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You are very active on Instagram, where we can frequently find videos of the process and creation. For this last collection, you even did a very TikTok-style video where the process of deconstructing the old jeans and constructing a new garment is shown, captioning it How to make the denim couture pieces. You don't seem to be worried about people copying or replicating your garments, are you?  
I don’t worry about people copying or replicating my collection. Unless it's a large corporation stealing the idea to make money, I take it as a compliment.   
Talking about Instagram, we saw on your personal account that you posted a sneak peek of Kimhēkim’s first book, which is apparently coming soon. What can you tell us about it?  
Please stay tuned! I invested a lot of energy into making this book, which explains what Kimhēkim is.  
Going back to your brand and collections, you have been very vocal about the importance of sustainability in your brand. You repurposed vintage denim pieces, incorporated recycled materials in your packaging, etc. Do you think it's possible to convert fashion from being one of the most damaging industries for the environment to one that helps and tries for a positive change?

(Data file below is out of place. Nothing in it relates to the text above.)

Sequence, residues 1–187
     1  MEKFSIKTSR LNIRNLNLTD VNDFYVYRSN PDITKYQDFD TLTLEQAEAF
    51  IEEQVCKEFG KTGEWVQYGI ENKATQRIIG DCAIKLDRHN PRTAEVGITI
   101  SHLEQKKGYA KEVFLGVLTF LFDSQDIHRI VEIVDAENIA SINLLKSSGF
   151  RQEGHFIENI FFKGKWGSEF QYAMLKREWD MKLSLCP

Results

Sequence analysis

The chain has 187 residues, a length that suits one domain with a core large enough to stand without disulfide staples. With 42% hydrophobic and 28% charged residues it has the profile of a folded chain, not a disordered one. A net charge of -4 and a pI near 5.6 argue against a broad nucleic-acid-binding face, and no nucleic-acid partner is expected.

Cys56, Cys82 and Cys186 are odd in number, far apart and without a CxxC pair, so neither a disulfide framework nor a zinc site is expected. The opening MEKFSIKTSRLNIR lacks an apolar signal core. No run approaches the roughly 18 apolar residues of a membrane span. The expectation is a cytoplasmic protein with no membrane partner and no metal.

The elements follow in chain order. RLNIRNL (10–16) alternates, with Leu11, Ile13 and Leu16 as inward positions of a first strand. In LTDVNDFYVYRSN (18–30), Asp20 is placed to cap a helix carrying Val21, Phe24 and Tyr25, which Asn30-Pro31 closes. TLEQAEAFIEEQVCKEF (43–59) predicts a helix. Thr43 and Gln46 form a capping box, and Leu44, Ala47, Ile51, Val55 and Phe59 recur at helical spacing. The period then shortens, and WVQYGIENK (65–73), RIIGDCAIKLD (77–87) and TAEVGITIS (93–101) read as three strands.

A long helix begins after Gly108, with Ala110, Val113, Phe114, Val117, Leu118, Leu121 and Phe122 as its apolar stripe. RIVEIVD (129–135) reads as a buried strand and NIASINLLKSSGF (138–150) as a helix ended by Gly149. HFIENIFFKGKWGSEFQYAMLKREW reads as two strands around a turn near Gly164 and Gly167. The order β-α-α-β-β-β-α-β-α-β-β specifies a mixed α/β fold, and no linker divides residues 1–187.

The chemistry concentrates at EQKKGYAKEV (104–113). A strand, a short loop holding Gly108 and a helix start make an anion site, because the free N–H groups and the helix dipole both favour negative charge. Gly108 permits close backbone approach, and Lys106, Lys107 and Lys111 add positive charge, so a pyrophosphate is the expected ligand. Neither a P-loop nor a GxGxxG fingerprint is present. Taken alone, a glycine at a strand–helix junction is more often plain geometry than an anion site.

We need to be careful about selecting the materials we’re using and checking their impact on the environment. That would be the first step towards positive change. Plastics are still used everywhere, including in the packaging of sustainable products. We just wanted to stop this ironic situation by using recycled material and biodegradable packages. 
Have you noticed a rise in interest in your brand as we are witnessing a booming interest in other disciplines of South Korean culture? Is the international public as interested in South Korean fashion as they are in South Korean music or TV shows?  
Sure. Even I am becoming more and more interested in South Korean culture. Thanks to this kind of boom, more people are expecting a collaboration between us and K-pop stars. Recently, we got the attention of New Jeans’ fans via an Instagram account that uploads the outfit information of the members! 
And finally, please, tell us what are you currently working on. What is next for Kiminte Kimhēkim?  
We’re working on the Fall/Winter 2023 collection. Guess our new obsession and check the answer in Paris!